German Perceptions of the United States at Unification

by Ronald D. Asmus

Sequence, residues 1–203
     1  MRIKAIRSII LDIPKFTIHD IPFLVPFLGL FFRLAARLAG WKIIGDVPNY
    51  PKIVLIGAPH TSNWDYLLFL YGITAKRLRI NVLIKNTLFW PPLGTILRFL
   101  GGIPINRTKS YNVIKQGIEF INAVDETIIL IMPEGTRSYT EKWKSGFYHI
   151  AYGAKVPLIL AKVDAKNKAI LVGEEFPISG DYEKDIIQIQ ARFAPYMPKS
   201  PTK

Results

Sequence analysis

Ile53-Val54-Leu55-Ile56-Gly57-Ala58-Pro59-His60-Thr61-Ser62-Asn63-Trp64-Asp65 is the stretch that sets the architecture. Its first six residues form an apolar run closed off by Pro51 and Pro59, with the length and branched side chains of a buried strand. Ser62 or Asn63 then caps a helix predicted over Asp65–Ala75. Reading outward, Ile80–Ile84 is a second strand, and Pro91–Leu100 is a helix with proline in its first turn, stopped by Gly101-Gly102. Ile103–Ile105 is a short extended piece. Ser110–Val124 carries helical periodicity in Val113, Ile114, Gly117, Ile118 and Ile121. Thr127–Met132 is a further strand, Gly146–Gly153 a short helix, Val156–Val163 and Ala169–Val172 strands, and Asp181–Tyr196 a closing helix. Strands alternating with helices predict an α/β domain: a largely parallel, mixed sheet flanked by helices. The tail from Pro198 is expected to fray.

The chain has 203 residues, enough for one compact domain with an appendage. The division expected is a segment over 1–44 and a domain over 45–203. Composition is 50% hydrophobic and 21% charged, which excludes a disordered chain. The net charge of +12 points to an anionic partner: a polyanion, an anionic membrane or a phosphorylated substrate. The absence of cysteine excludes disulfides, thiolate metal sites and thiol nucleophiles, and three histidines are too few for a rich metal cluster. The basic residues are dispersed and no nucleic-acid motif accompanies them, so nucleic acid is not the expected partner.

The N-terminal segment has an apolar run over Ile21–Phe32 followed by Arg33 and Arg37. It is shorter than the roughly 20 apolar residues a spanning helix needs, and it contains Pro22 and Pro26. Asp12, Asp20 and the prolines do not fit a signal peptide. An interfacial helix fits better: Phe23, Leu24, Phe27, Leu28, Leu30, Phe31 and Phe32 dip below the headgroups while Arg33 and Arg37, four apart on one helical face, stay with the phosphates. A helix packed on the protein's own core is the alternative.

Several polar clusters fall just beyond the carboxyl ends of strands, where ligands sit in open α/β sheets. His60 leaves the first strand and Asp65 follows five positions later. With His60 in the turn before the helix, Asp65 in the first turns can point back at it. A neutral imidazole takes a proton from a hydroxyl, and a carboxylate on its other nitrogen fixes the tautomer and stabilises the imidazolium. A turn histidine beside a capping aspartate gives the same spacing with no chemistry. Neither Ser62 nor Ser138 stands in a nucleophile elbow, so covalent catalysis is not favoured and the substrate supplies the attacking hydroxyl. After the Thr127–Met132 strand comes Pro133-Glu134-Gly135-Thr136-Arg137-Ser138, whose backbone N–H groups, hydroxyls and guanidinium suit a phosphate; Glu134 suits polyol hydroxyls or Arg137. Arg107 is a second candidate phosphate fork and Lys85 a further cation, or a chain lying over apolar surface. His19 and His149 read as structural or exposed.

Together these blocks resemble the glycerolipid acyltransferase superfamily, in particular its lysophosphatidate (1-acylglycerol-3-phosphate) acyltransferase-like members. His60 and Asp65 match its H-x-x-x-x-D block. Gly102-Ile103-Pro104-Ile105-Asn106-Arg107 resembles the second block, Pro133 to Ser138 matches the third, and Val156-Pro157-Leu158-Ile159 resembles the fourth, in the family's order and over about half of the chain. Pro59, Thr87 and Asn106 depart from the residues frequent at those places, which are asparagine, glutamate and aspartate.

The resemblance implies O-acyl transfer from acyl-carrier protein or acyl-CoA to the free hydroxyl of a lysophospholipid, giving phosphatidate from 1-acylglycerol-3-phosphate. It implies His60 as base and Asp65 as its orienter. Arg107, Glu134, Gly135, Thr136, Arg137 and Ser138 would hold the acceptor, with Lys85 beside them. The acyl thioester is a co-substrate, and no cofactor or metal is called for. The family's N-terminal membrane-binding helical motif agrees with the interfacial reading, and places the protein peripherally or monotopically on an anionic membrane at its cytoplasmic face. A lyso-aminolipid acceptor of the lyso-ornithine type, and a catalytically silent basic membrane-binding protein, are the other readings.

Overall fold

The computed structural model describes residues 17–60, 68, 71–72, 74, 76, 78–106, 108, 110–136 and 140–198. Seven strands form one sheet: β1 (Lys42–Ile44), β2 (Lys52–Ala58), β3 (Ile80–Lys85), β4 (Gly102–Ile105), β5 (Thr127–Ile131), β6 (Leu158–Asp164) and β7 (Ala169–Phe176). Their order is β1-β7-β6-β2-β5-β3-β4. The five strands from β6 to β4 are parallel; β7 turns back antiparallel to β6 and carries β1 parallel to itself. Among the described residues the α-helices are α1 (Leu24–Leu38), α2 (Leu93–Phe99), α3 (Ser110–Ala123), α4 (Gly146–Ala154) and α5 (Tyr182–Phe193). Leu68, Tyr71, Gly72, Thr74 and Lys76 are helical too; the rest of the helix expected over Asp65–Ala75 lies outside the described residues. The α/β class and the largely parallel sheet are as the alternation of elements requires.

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This report analyzes data on East and West German attitudes toward the United States, NATO, and the American troop presence from a survey taken at the time of German unification. The data collected suggest that (1) East Germans have an ambivalent and frequently negative image of American society; (2) East Germans recognize the positive U.S. role in the political and economic reconstruction of the Federal Republic, but they do not necessarily support a future U.S. military presence in Germany or for NATO; (3) East German skepticism and ambivalence toward the United States also arise from the fundamentally different relationship of the United States with this part of Germany. These findings have certain implications for U.S. policy: (1) U.S. policymakers should not assume that the early postwar experience with West Germany will automatically be recreated in East Germany; (2) U.S. policymakers must act jointly with the German government to address this potential problem — the United States can and should rely on West Germany to bring East Germans into the Western community; and (3) the United States must construct a relationship with the eastern part of Germany at a time when American influence will be less than it was in the 1950s and 1960s and may be declining further.

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